Indonesia's Energy Transition In Terms Of Funding And Environment

The global climate crisis is getting worse if there is no concrete effort in overcoming it. Since the Paris Agreement was signed in 2015, nearly 200 countries have committed to addressing the climate crisis and pursuing efforts to strengthen climate mitigation, adaptation and climate finance. Paris Agreement encouraged countries that ratify the agreement to reach global peaks of greenhouse gas emissions as soon as possible and recognizes that peak emission reductions will take longer for developing countries. Indonesia as a developing country has committed and renewed its Nationally Determined Contribution (NDC) target on September 23, 2022 by increasing its own emission reduction target from 29% to 31.89% in the latest NDC. Meanwhile, the emission reduction target with international assistance also increased from 41% to 43.20%. 

Based on the 2021-2030 Electric Power Supply Business Plan (RUPTL) document, the projected total greenhouse gas emissions in Indonesia from the energy sector in 2030 in the Business as Usual 433 million tons of CO2. The results from the use of coal energy contribute to emissions of 298.9 million tons of CO2 out of a total emission of 335 million tons of CO2 or equivalent to 89% in 2030 under a low carbon. Thus, the transition from fossil energy to Renewable Energy (RE) and the development of renewable energy-based public transportation is needed as an effort that must be taken by Indonesia in reducing greenhouse gas emissions.


One of the energy transition efforts from fossil energy to RE is the Energy Transition Mechanism (ETM). This program is a commitment from the Asian Development Bank (ADB) for climate action in the Asia Pacific region. Indonesia is one of several countries that are collaborating on climate action using ETM in the form of early retirement of CFPP and also the transition to cleaner energy. The ETM partnership itself was launched on November 3, 2021 in Glasgow in conjunction with the agenda for the Conference of the Parties (COP 26 Glasgow). Currently, the State Electricity Company (PLN) plans to gradually stop the operation of CFPP to achieve Net Zero Emission 2060.


There are three options for CFPP early retirement funding schemes presented in the introduction to ETM, namely 1) the acquisition model focuses on acquiring the CFPP in terms of capital and ownership, 2) the synthetic model focuses on providing direct investment to the CFPP owner to be managed by the owner in retiring his CFPP, and 3) the portfolio model focuses on providing funds to third parties (financiers) in managing funds for early retirement. Quoted from the Climate Investment Fund-Acceleration Coal Transition (CIF-ACT), ADB together with the PLN plan to apply early retirement to 9 CFPPs before 2030. However, early retirement activities are carried out at CFPPs, most of which have been operating for a long time (more than 10 years) so that the implementation of early retirement will not be optimal.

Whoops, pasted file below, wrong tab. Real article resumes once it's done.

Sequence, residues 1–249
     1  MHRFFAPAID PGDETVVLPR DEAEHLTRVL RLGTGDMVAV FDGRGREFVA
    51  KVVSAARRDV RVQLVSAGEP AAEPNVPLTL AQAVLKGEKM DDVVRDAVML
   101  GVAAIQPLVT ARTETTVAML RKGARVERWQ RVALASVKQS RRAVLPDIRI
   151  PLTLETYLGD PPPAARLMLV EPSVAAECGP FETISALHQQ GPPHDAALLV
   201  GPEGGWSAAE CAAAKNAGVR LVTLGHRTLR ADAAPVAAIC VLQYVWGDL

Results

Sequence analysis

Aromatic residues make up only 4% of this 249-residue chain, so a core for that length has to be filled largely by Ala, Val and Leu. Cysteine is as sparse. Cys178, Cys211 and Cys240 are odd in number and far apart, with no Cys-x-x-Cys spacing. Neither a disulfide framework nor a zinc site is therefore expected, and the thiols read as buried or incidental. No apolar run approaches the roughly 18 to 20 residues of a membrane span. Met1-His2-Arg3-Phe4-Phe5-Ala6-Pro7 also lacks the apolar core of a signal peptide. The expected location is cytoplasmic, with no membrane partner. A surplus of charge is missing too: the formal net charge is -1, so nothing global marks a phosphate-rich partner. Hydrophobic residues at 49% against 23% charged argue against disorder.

The Ecological Action and People’s Emancipation (AEER) recommends that the early retirement of CFPP should be carried out on new CFPPs operating for less than two years, not CFPPs that have been operating for a long time. Naturally, outside of the ETM program, a cessation of operations must be carried out on CFPPs that are considered “quite old” due to the declining performance of environmental pollution control, not up-to-date, and already having a return on investment value. In addition, AEER also recommends that early retirement projects need to be applied to CFPPs that have a negative impact on biodiversity and CFPPs sourced from coal mining with a high level of risk on biodiversity. 


Based on the AEER research, coal mining owned by PT Berau Coal which is one of the biggest suppliers of coal for the CFPP is one of the mines that is included in the category of high threat to biodiversity. The results of the AEER indicate that, as many as 23 mining sites are classified as high threat to biodiversity, 10 mines are in the moderate threat category, and 2 mines are classified as low threat to biodiversity from 35 coal mines that are the object of study in Kalimantan. This report can be used as a reference to determine which CFPP whose coal source comes from coal mining located in areas sensitive to biodiversity .


In 2021, AEER also conducted a study on the impact of CFPP and coal mining on biodiversity on the island of Sumatra. The report states that of the 28 CFPPs studied, 12 CFPPs are in the high threat category to biodiversity, 15 CFPPs are in the moderate threat category, and 1 CFPP is in the low threat category. Based on this study, AEER recommends that the early retirement of CFPP on the island of Sumatra be carried out at CFPP Sumsel-8 because it has the highest threat and will only start operations in 2022. In addition, the CFPP that has the most negative impact on biodiversity are CFPP Sulut-3 and CFPP this new operation in 2021 so it is more appropriate to recommend early retirement. 


Net Zero Emission and Renewable Energy Mix

Until 2022, the ETM in Indonesia will still focus on early retirement of CFPP, rather than the development of RE. The development of RE still does not have a clear funding scheme and program, and its development will only begin to be planned based on the 2022 Electricity Supply Business Plan (RUPTL).


Analysis of the Net Zero Emission Roadmap (NZE) suggests that Indonesia’s net zero target can be achieved through the application of renewable energy (by sustainable resources), energy efficiency, electrification, and grid interconnection. Energy efficiency and electrification are top priorities to reduce emissions. Indonesia will add a large amount of equipment, cars, machinery and infrastructure this decade with electrical technology. The new and renewable energy mix is ​​one of the cornerstones in the energy transition process.